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Charles Spurgeon's Illustration Collection

Judgment--Comparable to Balances

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Our judgment may be compared to the scales and weights of the merchant. It should be correct, but it seldom is quite accurate; even ordinary wear and tear in this world will suffice to put it out of gear. We had need call in the Rectifier full often, and entreat him to search out our secret shortcomings, lest we deviate from equity and know it not. It would be well if the scales of conscience would turn even at the finest dust, but how rarely is this the case! False weights and balances are an abomination unto the Lord, yet many use them, they weigh their neighbours so as to underestimate them, and they use balances far too favourable to themselves; they give the Lord a portion sadly too small, and to their own pleasures a dowry much too great. Tradesmen who have one set of weights to buy with and others to sell with, are evidently rogues, and we may convict ourselves of injustice at once if we find ourselves severe to other mn and lenient to ourselves. Fraudulent shopkeepers will use a movable piece of metal, by removing which they can lighten the weight or the scale, and we too may have a convenient indignation which we may restrain or indulge according as the person whose fault we judge may be the object of our goodwill or our displeasure. Some of the marine-store dealers, and buyers of kitchen-stuff at the back door, pretend to judge of weight by the feeling of their hand, and herein they are no worse than those who settle everything by prejudice and will not wait for reason. A railway traveller assured me that he had been weighed a dozen times at different stations, and only twice did the machines give the same report, his opinion of their correctness was not very high; for the same reason, of how little worth are the opinions of the many as to the preachers of the gospel, for scarcely two in a score are of the same mind! There is a great weighing time coming, for which it will be well to be prepared, for woe unto the man whom the infallible balances shall find wanting.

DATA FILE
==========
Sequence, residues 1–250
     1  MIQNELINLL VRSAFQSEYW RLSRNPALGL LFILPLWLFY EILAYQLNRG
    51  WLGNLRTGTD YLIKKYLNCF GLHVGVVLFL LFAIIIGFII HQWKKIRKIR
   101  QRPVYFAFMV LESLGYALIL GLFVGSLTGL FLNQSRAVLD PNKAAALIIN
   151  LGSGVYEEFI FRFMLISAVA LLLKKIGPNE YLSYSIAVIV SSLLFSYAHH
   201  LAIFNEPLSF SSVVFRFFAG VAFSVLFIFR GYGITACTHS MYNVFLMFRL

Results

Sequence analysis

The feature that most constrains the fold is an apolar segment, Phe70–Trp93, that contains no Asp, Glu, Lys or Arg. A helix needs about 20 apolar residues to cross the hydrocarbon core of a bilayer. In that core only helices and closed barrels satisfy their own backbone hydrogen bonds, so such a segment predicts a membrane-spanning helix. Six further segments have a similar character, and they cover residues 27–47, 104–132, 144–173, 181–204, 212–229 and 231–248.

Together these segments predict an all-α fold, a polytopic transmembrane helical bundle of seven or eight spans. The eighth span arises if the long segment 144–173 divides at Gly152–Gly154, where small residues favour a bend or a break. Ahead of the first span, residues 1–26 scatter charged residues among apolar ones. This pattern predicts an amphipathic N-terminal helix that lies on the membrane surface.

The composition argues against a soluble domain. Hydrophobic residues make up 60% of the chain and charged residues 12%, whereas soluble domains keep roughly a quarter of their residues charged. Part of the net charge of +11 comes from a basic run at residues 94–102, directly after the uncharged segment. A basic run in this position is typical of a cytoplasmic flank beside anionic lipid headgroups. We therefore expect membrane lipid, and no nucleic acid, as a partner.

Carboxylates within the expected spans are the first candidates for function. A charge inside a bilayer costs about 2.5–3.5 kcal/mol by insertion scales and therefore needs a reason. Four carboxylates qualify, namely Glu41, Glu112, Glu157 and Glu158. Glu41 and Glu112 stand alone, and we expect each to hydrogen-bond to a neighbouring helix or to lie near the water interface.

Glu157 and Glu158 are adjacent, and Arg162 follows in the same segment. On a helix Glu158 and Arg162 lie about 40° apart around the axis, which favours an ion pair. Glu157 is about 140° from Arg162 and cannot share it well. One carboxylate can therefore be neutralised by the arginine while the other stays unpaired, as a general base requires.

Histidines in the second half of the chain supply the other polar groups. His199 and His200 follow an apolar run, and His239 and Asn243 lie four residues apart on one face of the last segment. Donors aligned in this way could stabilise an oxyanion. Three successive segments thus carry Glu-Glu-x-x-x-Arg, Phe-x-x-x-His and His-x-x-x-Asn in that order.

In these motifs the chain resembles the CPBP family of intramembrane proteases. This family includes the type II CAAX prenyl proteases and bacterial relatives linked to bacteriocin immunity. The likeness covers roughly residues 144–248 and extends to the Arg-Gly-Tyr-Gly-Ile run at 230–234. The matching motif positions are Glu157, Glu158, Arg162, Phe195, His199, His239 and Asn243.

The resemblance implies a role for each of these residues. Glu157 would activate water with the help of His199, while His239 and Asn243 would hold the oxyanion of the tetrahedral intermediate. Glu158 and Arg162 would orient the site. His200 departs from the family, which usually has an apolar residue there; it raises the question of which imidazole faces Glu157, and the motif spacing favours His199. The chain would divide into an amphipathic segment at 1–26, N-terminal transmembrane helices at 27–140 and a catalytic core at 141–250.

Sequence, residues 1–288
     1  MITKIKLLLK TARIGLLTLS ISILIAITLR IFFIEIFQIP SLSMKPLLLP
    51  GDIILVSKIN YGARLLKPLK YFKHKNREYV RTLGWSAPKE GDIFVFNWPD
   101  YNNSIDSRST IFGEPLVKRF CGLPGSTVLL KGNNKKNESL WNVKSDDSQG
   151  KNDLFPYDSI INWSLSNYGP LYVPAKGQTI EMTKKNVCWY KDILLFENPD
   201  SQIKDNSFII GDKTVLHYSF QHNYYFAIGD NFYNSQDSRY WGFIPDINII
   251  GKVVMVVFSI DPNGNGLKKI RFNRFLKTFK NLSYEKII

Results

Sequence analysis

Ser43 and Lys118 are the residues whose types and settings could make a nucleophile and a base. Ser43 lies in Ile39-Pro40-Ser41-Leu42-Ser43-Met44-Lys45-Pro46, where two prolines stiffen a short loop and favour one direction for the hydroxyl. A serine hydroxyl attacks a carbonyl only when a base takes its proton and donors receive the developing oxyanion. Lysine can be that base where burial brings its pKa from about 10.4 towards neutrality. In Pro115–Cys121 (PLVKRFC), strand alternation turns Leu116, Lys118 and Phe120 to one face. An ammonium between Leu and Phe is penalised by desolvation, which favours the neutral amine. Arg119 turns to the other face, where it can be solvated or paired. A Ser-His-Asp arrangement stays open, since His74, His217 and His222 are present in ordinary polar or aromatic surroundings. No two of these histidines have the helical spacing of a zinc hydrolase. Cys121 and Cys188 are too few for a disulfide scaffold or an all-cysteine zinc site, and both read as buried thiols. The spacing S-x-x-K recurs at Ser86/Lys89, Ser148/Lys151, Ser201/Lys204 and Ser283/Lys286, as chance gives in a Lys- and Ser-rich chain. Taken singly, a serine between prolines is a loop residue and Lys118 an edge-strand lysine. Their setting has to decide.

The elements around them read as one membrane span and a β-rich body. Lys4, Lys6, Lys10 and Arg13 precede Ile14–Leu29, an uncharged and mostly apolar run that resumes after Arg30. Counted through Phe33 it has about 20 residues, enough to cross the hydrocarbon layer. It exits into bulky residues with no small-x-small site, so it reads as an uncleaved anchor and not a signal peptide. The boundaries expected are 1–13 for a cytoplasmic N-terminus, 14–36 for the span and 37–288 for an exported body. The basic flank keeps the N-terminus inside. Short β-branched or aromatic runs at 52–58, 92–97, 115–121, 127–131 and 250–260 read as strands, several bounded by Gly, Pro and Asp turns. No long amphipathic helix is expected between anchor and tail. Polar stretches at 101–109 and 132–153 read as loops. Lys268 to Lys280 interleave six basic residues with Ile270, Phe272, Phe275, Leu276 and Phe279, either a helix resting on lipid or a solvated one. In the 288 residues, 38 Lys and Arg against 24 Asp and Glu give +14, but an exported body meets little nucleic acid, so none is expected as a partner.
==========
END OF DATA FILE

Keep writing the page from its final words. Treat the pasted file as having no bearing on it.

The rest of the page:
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Bibliography Information
Spurgeon, Charles. Entry for 'Judgment--Comparable to Balances'. Charles Spurgeon's Illustration Collection. https://www.studylight.org/dictionaries/fff/j/judgment--comparable-to-balances.html. 1870.

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